The snowy carpet is receding, exposing more dirt every day. K and I rolled out into a day that smelled like spring. The wet dirt pervaded my senses, and I could see many green sprouts pushing their heads through the dirt. The amazing thing is that, this year, I think that I can identify many of these tiny sprouts when their first leaves unfurl. I love knowing our forest so well.
K and I climbed up to the highest point on our trail network for the first time since mid-March. A few snowbanks remained but the trail into the sky was mostly dirt. A moist and psychedelically colored stump caught my eye - snow doubtless submerged it until very recently.
I'm pretty sure that the yellow stuff is a lichen but I don't know what the orange slimy stuff is, and I've never noticed it before. It looks glistening wet with grooves - almost like a neon orange brain.
Part of why I noted it is that several dogs that live a mile or so from us have recently been poisoned. No one knows what toxin is the culprit, or even whether it's a natural toxin or the work of an evil person. As far as I know, all of the dogs have survived. In light of a possible natural toxin being the culprit, this bright orange mold-like stuff caught my eye. For some reason, it looks poisonous to me. For once, K showed some good sense and wasn't interested in it. Does anyone know what this orange stuff is?
We reached the top and the awe-inspiring beauty astonished me, yet again.
I had to capture K's lovable image while we stood atop our slice of the world. If you look closely at her photo, you can see pink splotches on her upper lip, just below her nose. I don't know what's causing these splotches that appeared about a month ago and aren't getting worse. My vet didn't seem concerned when I described them over the phone. Any ideas?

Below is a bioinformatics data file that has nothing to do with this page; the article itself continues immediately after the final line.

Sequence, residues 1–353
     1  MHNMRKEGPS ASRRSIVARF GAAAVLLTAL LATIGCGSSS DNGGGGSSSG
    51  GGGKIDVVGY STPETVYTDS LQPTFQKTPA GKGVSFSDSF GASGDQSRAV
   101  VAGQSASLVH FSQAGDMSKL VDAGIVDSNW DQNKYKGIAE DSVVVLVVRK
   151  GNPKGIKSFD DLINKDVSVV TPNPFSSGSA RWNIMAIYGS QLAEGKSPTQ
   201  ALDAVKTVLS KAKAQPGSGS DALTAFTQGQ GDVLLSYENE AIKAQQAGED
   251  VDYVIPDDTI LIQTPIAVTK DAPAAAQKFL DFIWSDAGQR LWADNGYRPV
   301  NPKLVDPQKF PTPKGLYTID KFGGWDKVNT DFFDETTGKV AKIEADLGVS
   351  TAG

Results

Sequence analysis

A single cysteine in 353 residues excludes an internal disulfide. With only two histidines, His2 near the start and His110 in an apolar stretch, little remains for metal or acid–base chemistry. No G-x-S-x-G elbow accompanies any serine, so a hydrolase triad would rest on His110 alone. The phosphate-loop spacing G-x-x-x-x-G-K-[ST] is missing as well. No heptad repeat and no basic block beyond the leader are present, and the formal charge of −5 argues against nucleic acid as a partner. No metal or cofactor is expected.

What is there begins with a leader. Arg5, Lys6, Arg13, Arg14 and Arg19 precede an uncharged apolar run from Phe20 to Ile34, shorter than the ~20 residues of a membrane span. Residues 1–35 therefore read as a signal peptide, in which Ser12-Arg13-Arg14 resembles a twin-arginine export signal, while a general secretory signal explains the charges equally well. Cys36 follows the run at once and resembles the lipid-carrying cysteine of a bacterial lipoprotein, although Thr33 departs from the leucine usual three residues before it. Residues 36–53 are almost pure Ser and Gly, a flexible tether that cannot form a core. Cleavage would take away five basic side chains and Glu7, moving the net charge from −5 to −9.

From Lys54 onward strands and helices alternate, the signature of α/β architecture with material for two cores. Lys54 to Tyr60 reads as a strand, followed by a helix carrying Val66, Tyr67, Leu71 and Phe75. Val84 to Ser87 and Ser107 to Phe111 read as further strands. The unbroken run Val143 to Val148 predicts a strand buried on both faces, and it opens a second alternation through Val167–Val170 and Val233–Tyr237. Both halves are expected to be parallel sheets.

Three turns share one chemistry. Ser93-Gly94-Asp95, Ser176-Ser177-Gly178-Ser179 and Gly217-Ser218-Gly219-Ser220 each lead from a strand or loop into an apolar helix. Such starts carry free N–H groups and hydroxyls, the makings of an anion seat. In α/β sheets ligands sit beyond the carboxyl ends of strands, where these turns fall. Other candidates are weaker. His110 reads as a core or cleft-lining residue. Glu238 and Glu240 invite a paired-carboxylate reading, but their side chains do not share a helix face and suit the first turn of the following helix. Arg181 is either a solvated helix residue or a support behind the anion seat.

After dropping off K, I headed out for a fairly fast ride but a couple of birds caught my interest. A Western Bluebird flitted around me, flying short distances from one perch to the next. I usually spot Western Bluebirds once or twice over the entire summer because they prefer lower elevations yet I've already seen them several times this summer. I hope that global weirding isn't changing their nesting habits.
Next, I passed a nestbox where I saw Mountain Bluebirds and Tree Swallows jousting recently. When the weather turned cold and wet, the swallows fled, presumably to the warmth of lower elevations. At that point, the bluebird pair acted like they owned the box. Today, a single pair of tree swallows busily worked at the box entrance. Their emerald backs glinted in the strong sun. What gorgeous birds!
When I arrived home, S awaited me, wanting a trip outside. We lingered in the sunshine, and I stroked his warm fur. Male hummingbirds trilled past us and a golden-mantled ground squirrel trustingly sat on a rock watching us. S's hind end seems shakier today. It's just a small decrement - but each one worries me. So, I sat with him, enjoying being with him on a fresh spring day. The photo below highlights one of my favorite parts of his face - his blond eyelashes!